I’m not really sure what these grounded thought-leaders shift to doing instead. It used to be that you could just shoot out some clever tweets weekly to keep your thought leadering up, but that’s all dead now.
When I try to work on more content, there’s two problems I encounter.
As mentioned above, I can’t get the kind of eyeballs I would at a conference, just presenting to a room full of people. I spoke at a conference in Utrecht awhile back, and the number of people who followed my CTA and downloaded my book was huge compared to, like, the Internet as an audience on any given day. What do people in my field even read? I have no idea. Talking to people face-to-face is still incredibly effective.
Despite all of that, people seem to think my content flows are fine. One of the more interesting analogies people make is that I’m like my own little company, managing all aspects of content flow and my work. They say this about my co-worker Josh, who is even more so. Another co-worker of mine, Dan, has done an amazing job at this over the past year as well. And Whitney has built one of the most unique concepts I’ve seen in the years.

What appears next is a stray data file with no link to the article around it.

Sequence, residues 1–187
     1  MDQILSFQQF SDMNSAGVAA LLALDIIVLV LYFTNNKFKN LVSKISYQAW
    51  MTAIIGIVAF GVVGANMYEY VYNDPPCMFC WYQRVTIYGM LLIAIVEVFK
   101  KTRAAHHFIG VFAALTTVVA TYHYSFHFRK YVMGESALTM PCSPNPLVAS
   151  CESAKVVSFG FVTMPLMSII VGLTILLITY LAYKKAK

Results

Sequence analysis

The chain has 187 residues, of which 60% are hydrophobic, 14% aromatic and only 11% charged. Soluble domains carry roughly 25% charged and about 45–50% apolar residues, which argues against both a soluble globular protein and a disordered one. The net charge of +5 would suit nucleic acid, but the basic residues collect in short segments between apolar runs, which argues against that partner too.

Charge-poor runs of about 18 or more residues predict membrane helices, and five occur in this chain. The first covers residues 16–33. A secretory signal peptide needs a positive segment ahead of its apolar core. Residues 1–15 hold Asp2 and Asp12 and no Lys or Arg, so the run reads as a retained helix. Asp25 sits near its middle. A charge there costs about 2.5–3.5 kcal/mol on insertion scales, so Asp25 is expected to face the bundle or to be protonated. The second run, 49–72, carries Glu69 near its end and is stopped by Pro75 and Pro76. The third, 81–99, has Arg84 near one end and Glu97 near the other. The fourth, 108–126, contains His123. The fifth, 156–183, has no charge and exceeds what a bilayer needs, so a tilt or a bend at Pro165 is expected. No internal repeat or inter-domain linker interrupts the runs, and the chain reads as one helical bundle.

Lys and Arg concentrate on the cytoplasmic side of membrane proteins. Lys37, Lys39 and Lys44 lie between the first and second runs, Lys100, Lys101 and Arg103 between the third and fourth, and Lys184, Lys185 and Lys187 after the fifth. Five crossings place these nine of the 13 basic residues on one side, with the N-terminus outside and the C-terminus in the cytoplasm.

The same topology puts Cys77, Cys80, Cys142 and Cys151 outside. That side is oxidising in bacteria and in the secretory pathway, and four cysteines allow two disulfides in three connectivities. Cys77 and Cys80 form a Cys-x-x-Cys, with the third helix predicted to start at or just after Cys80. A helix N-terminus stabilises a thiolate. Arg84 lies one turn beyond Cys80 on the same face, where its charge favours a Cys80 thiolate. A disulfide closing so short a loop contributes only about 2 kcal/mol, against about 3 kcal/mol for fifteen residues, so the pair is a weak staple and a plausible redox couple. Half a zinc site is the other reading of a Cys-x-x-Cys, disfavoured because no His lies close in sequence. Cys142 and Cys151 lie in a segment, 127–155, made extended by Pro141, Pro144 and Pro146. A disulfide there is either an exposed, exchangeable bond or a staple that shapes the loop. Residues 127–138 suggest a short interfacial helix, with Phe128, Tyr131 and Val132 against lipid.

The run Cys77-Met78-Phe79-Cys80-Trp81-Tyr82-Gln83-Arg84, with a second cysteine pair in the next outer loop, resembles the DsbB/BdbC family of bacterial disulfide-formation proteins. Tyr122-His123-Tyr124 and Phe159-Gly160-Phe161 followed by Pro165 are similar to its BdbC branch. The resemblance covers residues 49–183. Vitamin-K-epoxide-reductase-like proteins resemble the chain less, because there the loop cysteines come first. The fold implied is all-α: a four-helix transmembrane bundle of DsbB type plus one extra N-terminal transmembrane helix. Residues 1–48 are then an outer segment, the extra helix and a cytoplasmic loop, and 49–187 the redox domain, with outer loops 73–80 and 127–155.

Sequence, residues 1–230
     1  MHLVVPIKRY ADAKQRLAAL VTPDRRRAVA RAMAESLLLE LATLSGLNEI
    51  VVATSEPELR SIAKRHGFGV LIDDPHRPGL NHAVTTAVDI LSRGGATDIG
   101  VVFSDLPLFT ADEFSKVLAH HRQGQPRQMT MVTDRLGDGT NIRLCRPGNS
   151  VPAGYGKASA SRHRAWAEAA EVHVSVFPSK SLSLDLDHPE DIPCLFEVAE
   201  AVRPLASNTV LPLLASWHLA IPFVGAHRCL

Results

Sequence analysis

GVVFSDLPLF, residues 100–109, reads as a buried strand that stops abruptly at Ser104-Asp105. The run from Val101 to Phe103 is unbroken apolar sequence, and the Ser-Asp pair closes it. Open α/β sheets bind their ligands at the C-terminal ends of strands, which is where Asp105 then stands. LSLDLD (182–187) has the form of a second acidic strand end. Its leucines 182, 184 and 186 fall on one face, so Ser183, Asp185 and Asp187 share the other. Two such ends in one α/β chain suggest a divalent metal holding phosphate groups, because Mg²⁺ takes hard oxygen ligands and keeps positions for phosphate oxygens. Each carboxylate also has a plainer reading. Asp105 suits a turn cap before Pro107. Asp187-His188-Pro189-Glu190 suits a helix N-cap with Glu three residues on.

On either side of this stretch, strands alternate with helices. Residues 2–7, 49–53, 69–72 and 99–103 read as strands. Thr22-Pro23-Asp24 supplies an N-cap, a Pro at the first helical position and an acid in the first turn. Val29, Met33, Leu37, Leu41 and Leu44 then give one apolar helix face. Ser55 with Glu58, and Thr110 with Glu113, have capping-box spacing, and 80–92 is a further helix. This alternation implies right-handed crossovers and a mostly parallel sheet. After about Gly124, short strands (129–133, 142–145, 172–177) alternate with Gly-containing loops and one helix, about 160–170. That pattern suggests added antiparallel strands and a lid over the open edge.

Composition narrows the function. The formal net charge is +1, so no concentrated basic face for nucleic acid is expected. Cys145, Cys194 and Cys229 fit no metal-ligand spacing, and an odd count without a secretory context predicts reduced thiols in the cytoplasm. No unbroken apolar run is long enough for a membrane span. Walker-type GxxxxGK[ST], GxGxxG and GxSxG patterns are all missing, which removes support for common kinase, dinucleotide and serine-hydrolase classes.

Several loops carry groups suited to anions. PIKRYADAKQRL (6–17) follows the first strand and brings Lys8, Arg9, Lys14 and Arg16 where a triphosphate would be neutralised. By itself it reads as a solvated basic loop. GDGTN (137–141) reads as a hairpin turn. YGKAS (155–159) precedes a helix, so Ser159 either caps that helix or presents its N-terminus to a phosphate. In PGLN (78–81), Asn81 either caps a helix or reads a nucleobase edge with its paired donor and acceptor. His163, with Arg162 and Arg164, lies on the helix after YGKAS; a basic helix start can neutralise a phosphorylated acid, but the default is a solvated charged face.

That analogy is good, and it means I need to build up more “flows” that I “own” rather than having them done by others.
For example, one of the reasons I moved to Europe in 2018 was to do more executive engagement. “Executive engagement” means doing thought leadership with, let’s say, enterprise architects, to VP of operations or applications, to “C-level.” It’s a lot of talking about culture, swapping stories about how larger organizations change how they manage software. And so forth.